It might not feel like it, but electronic music in Britain isn’t in a great place right now. Yes, they may be opening new mega-clubs in old Ikeas, and yes, Calvin Harris and Charli XCX are still doing huge numbers, but outside of the mainstream, things are far from rosy. As covered in Resident Advisor, DJ Mag and a study by the University of Sheffield, the past decade has seen a notable and rapidly accelerating decline in the diversity of dance music in the UK. Not long ago, even the smallest provincial town could offer at least a smattering of club nights and raves to break the monotony. It often took a bit of doing, but if you knew where to look, you could find anything from pinger-fuelled happy hardcore parties to sweatbox ragga nights, all within a bus ride of your front door. These days, though, the variety has gone, overwhelmed by a relentless parade of cookie-cutter house nights and paint-by-numbers techno.
You can blame the creeping homogenisation of dance music on many factors. Certainly, the rise of streaming platforms and the dominance of popular genres at the expense of other, more esoteric styles are all playing a role. Yet the fact that it’s getting harder and harder to be economically viable as a small artist is causing a slow evaporation of regional scenes and a clogging up of the pipeline of new sounds. Apart from a handful of vibrant underground scenes, predominantly located in major cities like London and Manchester, the scarcity of venues becomes a roadblock to the birth of micro-genres and musical experiments that historically fuel innovation and reinvention. Fortunately, there are some noteworthy exceptions (or should that be holdouts) to be found, so long as you’re willing to do some digging.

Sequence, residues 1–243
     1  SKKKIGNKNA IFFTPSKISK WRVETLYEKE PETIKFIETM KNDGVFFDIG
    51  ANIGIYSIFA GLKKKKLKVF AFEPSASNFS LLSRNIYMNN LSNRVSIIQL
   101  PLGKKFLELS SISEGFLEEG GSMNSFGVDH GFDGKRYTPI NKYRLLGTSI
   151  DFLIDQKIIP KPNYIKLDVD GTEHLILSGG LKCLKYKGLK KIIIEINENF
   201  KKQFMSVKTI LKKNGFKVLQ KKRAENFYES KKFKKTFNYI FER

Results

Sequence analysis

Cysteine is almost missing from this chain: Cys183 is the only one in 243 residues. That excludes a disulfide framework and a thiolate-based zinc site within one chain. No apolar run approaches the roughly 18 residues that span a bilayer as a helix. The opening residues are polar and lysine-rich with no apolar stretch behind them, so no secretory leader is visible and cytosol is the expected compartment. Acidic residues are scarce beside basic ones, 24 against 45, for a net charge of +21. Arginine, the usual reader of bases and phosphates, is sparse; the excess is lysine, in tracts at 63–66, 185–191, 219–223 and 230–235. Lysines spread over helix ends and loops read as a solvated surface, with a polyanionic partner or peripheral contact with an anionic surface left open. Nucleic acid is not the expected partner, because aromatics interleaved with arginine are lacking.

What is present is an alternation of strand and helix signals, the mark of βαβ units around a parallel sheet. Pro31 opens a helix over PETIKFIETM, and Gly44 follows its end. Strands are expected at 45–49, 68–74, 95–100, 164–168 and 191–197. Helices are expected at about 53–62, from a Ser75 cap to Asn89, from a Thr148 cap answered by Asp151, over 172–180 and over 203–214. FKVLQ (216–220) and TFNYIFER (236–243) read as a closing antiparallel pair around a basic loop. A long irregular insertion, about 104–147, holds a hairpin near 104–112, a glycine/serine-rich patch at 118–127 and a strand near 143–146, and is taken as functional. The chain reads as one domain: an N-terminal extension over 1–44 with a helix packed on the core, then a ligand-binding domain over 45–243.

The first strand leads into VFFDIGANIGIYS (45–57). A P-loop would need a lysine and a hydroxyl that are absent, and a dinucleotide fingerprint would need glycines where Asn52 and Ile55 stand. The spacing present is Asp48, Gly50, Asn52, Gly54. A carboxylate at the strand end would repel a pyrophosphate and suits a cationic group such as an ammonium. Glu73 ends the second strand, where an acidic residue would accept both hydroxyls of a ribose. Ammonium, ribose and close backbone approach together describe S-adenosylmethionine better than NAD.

The rolling hills and freshly renovated mills of Lancashire may not instantly spring to mind when you think of vibrant, expressive dance music (despite a remarkable under-told history – see L&Q contributor Fergal Kinney’s recent work on the Blackburn acid rave scene as published by Rough Trade Books); yet in the face of economic headwinds and a shortage of venues, it’s the cradle of a small but vital scene that is nurturing artists and pushing the boundaries of innovative electronic music. One such artist is Rainy Miller. Hailing from Preston, his music reflects the memories and experiences deeply ingrained in his hometown, paying homage to Lancashire’s hidden stories. In the oversaturated landscape of UK electronic music, Miller appears hellbent on forging an authentic path, less concerned with mainstream recognition and more focused on creating a distinct voice. Fellow travellers Space Afrika, a Manchester-based electronic duo renowned for their inventive fusion of ambient, techno, dub and experimental sounds, are similarly on a mission to create music that resonates with the emotional fabric of post-industrial Britain. What sets both acts apart is their unique ability to channel the spirit of their urban surroundings, encapsulating the emotional and atmospheric subtleties of post-industrial Britain. Through a spattering of releases and mixtapes, including Space Afrika’s critically acclaimed 2021 full-length Honest Labour, both sets of artists have made a name for music that serves as auditory diaries of their towns, neighbourhoods and overlooked communities in the North West.
A Grisaille Wedding is the first official collaboration between Rainy Miller and Space Afrika and signifies something of a step change moment in their respective artistic journeys. Merging Miller’s knack for storytelling with Space Afrika’s expansive sonic landscapes, this record boasts ambition and a profound desire to immerse the audience in an ethereal realm. Using a diverse range of artistic tools to conjure the emotions and atmosphere of their home, this is no mere collection of moody dance tracks. A concept album designed to juxtapose the oppressive grey monochrome of grisaille painting and the colourful joy of an occasion like a wedding, the fact that this is a reckoning between two different styles and approaches to music production should be obvious straight from the start. However, rather than spending the run time trying to resolve this creative tension, Miller and Afrika just run with it, transforming the listening experience into something resembling a Werner Herzog documentary; a fusion of fantasy and reality that beckons you into the distinctive psychogeography of Lancashire.